Clubhouse sees things differently. Earlier this month, Alex Heath, a reporter for The Information, shared internal marketing data that noted that there is an average of 300,000 “successful rooms” created a day on the platform, where people spend around 60 minutes a day listening to each other ramble about everything from cryptocurrencies to sound baths. But other numbers in the internal marketing data don’t necessarily point to an app being lusted after like it was just two months ago. Clubhouse said that 6 million people are on the waiting list to sign up for the app. While that might seem like an astounding number of loiterers hoping to come inside, you have to actually download Clubhouse to be able to sign up for the waiting list. Given that the app is lingering in the bottom-feeder section of iOS, it means that while some are waiting to come inside, fewer people are actually signing up for the platform. When I reached out for comment from Clubhouse, the company responded with an automatic response noting that they are so popular they are getting an “overwhelming number of media requests” and they “are not able to respond to all inquiries.” Mine included.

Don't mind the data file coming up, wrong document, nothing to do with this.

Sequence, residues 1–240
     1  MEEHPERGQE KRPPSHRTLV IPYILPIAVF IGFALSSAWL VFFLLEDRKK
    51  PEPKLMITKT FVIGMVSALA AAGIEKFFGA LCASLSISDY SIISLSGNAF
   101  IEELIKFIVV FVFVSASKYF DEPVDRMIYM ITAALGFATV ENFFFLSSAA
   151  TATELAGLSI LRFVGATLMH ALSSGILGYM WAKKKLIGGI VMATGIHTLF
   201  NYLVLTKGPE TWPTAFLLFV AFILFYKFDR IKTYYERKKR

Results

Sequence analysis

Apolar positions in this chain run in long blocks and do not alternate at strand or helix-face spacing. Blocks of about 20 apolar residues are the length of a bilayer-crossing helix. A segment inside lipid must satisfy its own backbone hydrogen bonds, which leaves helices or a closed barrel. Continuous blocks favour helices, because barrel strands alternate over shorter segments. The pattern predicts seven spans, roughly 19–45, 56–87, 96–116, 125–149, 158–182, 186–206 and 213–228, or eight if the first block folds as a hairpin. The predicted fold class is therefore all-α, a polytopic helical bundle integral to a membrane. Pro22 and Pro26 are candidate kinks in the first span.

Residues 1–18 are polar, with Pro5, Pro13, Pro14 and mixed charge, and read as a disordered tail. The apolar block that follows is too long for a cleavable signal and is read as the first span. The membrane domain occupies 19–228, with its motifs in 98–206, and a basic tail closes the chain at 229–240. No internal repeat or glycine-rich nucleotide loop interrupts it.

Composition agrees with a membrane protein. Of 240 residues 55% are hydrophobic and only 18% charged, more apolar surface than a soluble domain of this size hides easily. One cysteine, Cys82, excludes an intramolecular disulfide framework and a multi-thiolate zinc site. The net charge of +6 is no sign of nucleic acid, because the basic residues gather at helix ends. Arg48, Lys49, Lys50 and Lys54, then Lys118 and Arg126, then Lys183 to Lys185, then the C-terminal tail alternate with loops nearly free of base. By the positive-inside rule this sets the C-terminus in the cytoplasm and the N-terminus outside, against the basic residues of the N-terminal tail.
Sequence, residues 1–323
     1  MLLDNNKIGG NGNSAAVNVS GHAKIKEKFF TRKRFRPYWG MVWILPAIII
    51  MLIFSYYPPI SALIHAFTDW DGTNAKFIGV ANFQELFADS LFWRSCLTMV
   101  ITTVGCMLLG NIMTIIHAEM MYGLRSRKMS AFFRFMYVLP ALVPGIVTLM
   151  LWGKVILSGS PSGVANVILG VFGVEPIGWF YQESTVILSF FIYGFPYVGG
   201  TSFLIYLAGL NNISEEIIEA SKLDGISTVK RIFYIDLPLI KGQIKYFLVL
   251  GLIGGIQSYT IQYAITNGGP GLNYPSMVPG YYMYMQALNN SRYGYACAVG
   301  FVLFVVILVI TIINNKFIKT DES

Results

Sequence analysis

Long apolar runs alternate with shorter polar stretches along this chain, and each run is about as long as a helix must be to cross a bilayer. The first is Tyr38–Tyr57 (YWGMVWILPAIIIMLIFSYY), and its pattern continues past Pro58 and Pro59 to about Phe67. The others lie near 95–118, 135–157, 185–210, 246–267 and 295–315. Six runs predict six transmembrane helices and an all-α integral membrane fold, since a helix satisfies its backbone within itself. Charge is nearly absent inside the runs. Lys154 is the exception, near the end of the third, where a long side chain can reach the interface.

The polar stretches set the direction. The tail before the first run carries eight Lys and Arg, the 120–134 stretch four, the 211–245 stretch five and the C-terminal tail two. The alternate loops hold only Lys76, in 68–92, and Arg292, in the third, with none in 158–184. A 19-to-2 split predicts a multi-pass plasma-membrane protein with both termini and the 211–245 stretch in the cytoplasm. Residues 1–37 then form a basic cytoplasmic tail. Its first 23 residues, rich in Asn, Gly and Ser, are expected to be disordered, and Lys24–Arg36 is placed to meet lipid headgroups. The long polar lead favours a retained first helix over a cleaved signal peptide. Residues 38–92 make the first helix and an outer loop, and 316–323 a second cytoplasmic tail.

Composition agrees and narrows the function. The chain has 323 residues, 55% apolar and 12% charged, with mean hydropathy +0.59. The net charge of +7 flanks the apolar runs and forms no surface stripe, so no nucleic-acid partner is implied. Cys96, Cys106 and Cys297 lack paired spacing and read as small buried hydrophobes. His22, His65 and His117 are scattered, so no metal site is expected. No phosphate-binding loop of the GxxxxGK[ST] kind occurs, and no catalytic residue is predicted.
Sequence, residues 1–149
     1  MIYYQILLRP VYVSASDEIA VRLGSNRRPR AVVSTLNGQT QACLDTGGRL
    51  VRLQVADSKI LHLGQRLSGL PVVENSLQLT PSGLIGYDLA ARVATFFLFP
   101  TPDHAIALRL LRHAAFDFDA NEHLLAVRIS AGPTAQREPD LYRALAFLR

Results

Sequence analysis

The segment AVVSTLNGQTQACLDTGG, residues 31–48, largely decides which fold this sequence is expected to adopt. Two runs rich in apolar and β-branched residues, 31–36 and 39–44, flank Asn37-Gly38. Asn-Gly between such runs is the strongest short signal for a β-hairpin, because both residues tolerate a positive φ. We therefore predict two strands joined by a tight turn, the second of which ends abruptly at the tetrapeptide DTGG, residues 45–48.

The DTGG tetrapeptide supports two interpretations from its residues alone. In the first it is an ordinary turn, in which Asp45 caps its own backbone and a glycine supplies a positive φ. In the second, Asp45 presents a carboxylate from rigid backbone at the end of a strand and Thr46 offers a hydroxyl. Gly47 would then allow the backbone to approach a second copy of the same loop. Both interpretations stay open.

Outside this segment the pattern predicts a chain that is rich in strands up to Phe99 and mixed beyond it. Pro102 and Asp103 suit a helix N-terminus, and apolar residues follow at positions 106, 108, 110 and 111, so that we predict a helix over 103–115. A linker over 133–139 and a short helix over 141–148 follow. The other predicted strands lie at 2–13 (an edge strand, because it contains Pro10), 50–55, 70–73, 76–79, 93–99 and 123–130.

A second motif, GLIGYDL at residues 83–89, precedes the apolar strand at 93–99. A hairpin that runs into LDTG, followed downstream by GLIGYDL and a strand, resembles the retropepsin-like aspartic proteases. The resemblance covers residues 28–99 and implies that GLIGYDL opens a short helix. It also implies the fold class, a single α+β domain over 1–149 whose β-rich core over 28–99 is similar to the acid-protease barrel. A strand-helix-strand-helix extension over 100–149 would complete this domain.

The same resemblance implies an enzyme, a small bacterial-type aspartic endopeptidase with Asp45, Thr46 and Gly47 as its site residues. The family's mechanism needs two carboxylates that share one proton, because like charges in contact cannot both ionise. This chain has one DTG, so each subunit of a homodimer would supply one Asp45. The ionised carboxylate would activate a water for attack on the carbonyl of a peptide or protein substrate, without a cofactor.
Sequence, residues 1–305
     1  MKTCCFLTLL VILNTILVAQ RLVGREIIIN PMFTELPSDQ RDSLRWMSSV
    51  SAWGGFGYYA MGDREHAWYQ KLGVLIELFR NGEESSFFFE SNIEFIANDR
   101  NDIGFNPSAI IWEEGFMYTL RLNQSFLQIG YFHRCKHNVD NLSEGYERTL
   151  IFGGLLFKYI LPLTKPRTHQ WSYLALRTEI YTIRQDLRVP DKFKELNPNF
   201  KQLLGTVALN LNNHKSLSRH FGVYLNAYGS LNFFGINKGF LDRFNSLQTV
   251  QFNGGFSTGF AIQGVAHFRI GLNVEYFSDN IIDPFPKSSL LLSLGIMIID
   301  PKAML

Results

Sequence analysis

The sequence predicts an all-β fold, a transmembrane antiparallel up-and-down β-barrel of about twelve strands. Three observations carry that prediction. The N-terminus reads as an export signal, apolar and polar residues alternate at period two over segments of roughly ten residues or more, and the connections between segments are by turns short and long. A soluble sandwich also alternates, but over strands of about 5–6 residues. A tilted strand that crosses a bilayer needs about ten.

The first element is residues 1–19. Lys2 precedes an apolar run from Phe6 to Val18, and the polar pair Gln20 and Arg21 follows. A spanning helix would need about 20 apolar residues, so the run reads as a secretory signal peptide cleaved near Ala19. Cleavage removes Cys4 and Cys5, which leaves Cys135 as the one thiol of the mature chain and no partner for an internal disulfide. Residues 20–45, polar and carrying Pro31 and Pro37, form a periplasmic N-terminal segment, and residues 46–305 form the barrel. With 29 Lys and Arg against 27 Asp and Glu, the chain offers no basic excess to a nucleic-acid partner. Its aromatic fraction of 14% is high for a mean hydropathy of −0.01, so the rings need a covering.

Clubhouse’s faithful like to point out that while installs on iOS have fallen, there are countless people waiting to sign up for the app on Android, where the company still has yet to release an app, and that Clubhouse is intentionally throttling the number of people allowed inside because it grew too quickly, and the company is still only about 75 employees. Andreessen Horowitz, the lead investor in Clubhouse, isn’t deterred, leading a new $4 billion round, just a few months after it led a $1 billion round. Being at the forefront of an Andreessen Horowitz investment doesn’t necessarily mean success. While the VC firm has had some huge wins in its time, investing in Box, Slack, and Instagram, it has also had some major losses from big bets that didn’t pan, losing hundreds of millions of dollars in investments like Jawbone, the wearables company, and the camera platform Lytro.